Playing as Shepard, you engage in squad-based combat to fight enemies. Dialogue choices impact how your squad members (and others) react to you, your mission-completion rewards…and your very morality.

10. Deus Ex: Human Revolution by Eidos Montréal

A prequel to the original Deux Ex, and the third game in the series, Deus Ex: Human Revolution features first-person shooter and stealth gameplay.
While the visuals re-create the series' cyberpunk themes, it weaves in other aesthetics such as stunning Renaissance-era color schemes. It looks darkly beautiful, which is apropos for the game’s dystopian feel. Deus Ex: Human Revolution is set in the year 2027, a quarter of a century before the original.
The story opens with Adam Jensen, ex-SWAT and current security officer of Sarif Industries, a company involved in researching artificial organs called "augmentations.” Indeed, this is the company who ends up making his robotic arms after an attack on the facility that kills researchers and others while leaving Jensen critically injured. After six months of recovery, Jensen, now equipped with his advanced augmentations (aka cybernetic implants), goes on a quest to find his attackers and the sinister company responsible for them.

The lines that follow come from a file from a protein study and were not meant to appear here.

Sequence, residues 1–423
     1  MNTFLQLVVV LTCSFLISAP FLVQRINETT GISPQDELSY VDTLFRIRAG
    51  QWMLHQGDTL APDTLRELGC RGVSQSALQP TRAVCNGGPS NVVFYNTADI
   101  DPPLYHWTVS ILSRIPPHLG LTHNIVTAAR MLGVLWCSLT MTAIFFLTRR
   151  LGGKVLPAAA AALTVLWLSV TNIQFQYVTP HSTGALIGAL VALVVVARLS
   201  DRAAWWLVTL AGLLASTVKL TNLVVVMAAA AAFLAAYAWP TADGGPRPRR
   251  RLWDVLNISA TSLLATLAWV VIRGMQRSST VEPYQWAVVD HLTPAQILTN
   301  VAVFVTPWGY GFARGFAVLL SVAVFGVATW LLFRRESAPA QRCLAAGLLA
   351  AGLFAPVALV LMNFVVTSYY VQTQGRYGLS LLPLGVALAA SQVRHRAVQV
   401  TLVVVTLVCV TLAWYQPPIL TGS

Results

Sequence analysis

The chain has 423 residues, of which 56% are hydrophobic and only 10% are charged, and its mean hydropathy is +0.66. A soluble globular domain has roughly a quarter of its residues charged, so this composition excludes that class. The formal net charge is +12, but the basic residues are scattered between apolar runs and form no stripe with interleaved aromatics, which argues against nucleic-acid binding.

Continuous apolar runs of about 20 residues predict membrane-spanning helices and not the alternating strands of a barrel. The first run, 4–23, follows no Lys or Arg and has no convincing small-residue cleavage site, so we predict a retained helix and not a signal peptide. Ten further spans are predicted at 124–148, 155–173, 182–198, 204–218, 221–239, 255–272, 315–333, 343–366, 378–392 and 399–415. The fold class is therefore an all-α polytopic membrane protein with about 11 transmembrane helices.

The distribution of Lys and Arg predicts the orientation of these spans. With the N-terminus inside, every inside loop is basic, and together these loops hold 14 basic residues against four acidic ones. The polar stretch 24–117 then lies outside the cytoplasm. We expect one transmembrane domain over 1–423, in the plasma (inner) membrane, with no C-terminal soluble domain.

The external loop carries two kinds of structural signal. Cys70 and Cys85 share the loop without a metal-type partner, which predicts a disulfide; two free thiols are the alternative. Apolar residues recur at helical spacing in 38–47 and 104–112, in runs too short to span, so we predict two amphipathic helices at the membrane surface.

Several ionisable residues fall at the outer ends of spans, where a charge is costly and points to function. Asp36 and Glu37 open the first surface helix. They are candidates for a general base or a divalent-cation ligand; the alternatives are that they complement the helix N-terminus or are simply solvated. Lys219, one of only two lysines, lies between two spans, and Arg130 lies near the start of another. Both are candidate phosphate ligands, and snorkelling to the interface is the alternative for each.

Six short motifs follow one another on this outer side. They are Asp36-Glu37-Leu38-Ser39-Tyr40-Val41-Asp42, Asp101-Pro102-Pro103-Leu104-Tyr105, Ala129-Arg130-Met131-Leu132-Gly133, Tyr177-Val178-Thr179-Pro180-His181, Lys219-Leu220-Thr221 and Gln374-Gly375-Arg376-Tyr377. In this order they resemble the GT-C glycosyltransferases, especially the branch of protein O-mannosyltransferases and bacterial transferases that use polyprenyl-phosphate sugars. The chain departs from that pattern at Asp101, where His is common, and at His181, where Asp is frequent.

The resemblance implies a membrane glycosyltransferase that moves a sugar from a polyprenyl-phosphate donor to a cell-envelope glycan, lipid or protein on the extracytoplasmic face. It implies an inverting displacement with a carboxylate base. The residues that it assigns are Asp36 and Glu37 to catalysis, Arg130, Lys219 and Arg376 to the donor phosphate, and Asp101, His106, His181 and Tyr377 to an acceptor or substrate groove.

Check out HP®’s variety of gaming PCs and gaming accessories to help you face the most challenging requirements of both online RPG games and offline RPG games for PC.
[1], The Witcher 3: Wild Hunt Manual
About the Author: Jolene Dobbin is a contributing writer for HP® Tech Takes. Jolene is an East Coast-based writer with experience creating strategic messaging, marketing, and sales content for companies in the high-tech industry.